The North Carolina Community Garden Partners will host their annual statewide conference, Growing Garden Connections, in Asheville on Oct. 25 at UNC Asheville’s Sherrill Center. Darcel Eddins of Bountiful Cities, one of the conference’s speakers, provides Xpress with a preview of what participants can expect.
Mountain Xpress: Tell us about the mission of Bountiful Cities.
Eddins: Bountiful Cities has been an urban agricultural resource in Asheville for 14 years. We share agriculture skills and resources to promote social justice and economic viability. We envision abundant food sovereign communities.
Can you give us a summary of the issues you’ll be discussing during your presentation at the conference?
I’m presenting on the idea of the collective impact framework. The collective impact framework examines the work we do as organizations, and seeks to parse out individual organizational missions to better use community resources and to reduce competition between the organizations — all while valuing all the work that is being done to better serve the community.
[The framework] moves beyond a focus on financial resources and looks at how we can look at the whole of the resources that we utilize in order to better serve the community with those limited resources. Essentially, how do we figure out how to work more deeply with other organizations so we can create “win-win” scenarios for the organizations and the communities to work with?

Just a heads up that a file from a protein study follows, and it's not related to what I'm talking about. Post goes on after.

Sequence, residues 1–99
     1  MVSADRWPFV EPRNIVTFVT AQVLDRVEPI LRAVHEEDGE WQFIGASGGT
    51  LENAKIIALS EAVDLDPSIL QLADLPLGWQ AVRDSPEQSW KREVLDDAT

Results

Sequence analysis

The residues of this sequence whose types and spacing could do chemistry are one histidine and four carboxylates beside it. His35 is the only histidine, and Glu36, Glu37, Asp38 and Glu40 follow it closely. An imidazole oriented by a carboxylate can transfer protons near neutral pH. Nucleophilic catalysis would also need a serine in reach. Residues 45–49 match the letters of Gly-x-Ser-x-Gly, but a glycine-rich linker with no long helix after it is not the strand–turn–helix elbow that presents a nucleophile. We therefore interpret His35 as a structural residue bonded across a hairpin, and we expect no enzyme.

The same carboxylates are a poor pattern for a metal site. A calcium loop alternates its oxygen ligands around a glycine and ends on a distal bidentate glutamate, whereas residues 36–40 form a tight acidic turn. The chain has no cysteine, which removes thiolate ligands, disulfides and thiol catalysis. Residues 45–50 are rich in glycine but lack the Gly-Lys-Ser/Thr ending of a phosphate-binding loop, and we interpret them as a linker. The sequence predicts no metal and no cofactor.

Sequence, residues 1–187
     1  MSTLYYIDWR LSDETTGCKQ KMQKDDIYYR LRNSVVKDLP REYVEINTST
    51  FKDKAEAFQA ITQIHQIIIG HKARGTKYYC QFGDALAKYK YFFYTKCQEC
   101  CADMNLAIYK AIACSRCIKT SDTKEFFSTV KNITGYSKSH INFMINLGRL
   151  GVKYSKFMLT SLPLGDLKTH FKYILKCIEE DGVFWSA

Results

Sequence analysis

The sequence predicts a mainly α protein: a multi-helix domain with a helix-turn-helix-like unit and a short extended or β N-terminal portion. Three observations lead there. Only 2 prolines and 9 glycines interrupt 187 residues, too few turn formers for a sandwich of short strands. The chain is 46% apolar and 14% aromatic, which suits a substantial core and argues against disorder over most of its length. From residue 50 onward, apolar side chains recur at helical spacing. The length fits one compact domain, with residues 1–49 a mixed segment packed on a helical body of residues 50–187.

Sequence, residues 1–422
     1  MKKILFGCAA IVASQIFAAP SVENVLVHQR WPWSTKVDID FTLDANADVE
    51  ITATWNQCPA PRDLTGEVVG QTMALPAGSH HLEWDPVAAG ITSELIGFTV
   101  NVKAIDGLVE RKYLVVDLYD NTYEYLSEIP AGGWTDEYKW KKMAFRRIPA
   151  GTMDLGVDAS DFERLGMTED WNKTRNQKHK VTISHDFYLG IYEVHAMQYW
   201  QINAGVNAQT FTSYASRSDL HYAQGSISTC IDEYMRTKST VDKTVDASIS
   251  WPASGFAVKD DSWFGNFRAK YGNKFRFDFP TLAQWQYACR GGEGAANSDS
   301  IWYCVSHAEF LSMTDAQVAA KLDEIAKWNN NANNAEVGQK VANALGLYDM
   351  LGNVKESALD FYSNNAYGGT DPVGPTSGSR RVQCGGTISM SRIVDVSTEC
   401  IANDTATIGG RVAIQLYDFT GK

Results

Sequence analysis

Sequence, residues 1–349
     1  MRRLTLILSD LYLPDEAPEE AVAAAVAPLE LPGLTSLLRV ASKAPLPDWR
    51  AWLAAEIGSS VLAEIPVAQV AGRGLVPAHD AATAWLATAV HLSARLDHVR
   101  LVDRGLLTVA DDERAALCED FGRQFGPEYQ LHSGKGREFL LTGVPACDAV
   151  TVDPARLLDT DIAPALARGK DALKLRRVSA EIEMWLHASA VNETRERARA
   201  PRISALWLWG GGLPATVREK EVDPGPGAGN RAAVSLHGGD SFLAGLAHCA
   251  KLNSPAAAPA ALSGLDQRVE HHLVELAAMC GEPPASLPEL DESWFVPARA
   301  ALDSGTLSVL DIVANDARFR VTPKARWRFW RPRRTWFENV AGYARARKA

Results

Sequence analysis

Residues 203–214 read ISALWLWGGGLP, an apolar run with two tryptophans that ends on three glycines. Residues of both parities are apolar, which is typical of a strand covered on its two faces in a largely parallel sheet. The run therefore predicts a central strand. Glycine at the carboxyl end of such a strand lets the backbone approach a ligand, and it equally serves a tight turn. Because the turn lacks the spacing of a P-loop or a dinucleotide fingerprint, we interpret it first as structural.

In addition, this type of collaboration helps funders avoid the difficult decisions of choosing between organizations by showing how our organizations can work together to have a collective impact. Collective impact allows organizations to focus on the quality of the programs they offer rather than the quantity, all while including the community in the discussion.
Who do you expect to attend the conference?
We are the North Carolina Community Garden Partners so it tends to focus on community gardens, but it could also be a valuable experience for policy people or health care practitioners. It doesn’t have to be narrowly focused on community gardens; it could be educational for individuals or community associations interested in community gardens. It’s also a useful experience for funders as well. We’re stronger when we network together as a community rather than just trying to figure out how to sustain our own garden.
What are you most looking forward to at the conference?
I’m looking forward to the opening panel, which is a group of people who are talking about the elements that work and don’t work. It’s a really diverse group of people on the panel. I’m excited about that diversity because we often just often host events at institutions and get people from the intuitions to present; for this panel we have both, and they have experiences working to start and sustain gardens.
There is also a panel about community and community gardens. I think a lot of times we focus on the garden and forget about the community we are operating in and the relationship we have with it. Ultimately, it’s all about the relationships and our successes. I’m also pretty excited about the collective impact panel because I feel like it’s an important framework through which to view our work as organizations.
What do you think growers and community organizers from throughout the state can learn from Asheville?
I think we have a lot of things going on in Asheville, but I think we can learn wherever the conference is located. I don’t think there is anything unique Asheville is doing around urban agriculture, and actually there is some impressive work happening in other parts of the state and outside of the state. I think you learn at any conference because of the collaboration. Asheville offers a unique growing environment being in Western North Carolina that other gardens can observe.